Verizon's self-proclaimed "test cars" are a thing of reality; in fact, the fleet numbers a cool hundred nationwide. We had the opportunity to take a quick peek inside one of these cars, each of which drive an endless number of miles to measure the performance of not only Big Red's network, but its competition as well.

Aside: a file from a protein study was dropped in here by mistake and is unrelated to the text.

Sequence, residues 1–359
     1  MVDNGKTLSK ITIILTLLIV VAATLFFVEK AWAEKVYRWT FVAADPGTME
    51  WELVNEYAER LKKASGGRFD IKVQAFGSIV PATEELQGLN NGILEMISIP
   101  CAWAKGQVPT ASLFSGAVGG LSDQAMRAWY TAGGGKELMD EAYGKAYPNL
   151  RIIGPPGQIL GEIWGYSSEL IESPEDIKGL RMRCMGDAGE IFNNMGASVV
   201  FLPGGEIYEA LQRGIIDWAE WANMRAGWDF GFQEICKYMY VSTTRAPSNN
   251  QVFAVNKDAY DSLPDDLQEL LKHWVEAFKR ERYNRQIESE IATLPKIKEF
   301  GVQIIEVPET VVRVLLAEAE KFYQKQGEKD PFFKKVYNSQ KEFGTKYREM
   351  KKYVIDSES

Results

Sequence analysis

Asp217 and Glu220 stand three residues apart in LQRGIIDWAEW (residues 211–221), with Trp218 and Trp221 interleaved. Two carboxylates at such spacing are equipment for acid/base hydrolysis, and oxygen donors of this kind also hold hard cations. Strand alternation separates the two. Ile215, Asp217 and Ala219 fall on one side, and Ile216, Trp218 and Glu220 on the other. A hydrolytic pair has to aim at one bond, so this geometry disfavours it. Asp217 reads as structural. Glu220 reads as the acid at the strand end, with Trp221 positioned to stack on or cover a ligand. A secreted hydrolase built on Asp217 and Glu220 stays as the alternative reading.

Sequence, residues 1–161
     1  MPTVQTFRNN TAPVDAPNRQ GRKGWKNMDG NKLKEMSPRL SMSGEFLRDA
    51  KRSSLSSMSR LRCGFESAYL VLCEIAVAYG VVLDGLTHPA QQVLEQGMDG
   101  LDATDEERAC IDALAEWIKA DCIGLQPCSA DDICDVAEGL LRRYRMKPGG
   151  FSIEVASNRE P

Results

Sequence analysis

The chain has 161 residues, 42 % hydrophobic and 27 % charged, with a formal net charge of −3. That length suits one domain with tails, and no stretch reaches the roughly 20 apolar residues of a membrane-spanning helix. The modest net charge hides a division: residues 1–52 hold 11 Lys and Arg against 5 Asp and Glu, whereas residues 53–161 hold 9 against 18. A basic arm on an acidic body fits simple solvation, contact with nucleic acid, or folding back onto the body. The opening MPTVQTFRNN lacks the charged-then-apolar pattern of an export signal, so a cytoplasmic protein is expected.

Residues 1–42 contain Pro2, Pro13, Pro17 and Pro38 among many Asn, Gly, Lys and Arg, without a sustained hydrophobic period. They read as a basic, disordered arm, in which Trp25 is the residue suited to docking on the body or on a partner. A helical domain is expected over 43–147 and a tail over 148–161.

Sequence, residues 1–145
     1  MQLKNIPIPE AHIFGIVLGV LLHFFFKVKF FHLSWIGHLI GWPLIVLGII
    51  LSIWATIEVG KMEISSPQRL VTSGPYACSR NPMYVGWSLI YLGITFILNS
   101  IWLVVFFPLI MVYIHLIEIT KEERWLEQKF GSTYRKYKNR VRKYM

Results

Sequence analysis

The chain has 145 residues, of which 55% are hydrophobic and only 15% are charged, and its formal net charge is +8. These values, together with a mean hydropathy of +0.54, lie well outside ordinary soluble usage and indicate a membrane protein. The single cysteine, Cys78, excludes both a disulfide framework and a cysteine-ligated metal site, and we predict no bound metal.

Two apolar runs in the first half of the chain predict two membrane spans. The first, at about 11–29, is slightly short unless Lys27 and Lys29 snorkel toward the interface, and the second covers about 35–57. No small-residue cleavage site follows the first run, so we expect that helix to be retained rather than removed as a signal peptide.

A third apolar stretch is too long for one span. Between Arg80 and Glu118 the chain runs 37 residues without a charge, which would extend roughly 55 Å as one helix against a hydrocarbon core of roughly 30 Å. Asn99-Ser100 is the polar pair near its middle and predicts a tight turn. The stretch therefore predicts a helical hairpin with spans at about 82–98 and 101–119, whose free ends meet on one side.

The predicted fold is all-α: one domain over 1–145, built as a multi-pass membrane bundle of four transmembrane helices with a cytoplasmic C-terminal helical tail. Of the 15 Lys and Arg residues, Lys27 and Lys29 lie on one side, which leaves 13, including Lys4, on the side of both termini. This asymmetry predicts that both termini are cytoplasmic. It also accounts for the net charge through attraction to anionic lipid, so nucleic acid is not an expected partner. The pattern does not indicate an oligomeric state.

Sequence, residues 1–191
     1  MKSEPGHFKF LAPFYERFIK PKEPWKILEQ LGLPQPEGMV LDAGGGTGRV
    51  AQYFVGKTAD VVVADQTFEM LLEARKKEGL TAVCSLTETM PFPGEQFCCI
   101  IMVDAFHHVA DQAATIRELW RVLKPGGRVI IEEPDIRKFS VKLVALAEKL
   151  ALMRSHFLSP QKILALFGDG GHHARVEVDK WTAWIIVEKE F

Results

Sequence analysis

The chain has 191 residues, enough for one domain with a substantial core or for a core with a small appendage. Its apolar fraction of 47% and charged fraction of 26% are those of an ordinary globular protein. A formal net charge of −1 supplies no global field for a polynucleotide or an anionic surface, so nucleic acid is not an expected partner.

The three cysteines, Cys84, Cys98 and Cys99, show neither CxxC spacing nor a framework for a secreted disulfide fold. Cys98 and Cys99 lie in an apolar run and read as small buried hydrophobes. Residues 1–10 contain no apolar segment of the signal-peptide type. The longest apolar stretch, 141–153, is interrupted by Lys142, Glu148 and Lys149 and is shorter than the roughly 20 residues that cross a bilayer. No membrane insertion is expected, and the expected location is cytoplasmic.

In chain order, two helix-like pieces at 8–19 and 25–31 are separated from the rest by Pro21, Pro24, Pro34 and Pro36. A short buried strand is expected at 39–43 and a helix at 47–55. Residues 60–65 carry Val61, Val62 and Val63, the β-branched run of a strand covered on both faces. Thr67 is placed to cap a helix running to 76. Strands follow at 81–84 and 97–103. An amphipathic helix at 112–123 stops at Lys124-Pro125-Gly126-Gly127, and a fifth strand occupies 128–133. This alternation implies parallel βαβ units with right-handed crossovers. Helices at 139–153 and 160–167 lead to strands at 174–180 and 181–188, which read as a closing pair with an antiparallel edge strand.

You wouldn't recognize any of these unmarked cars if they drove past you on the street unless you were trained to look for the outside clues: on the roof lies a GPS module in concert with several black nubs, each one acting as its own phone antenna. If you look close enough at the back windows, you may be able to make out the multitudes of USB data sticks taped to them. All of these elements are crucial for Verizon in order to collect real-time data on how its network stacks up against the likes of AT&T, T-Mobile and Sprint, not to mention regional carriers such as Cricket and MetroPCS. Thus, each test car is equipped with phones that work on almost every network and try each one out thousands of times a year. The company's goal? To ensure that it maintains a standard of excellence in its network performance for both its voice and data quality. So how does this all happen? Read on past the break to find out what's inside the car.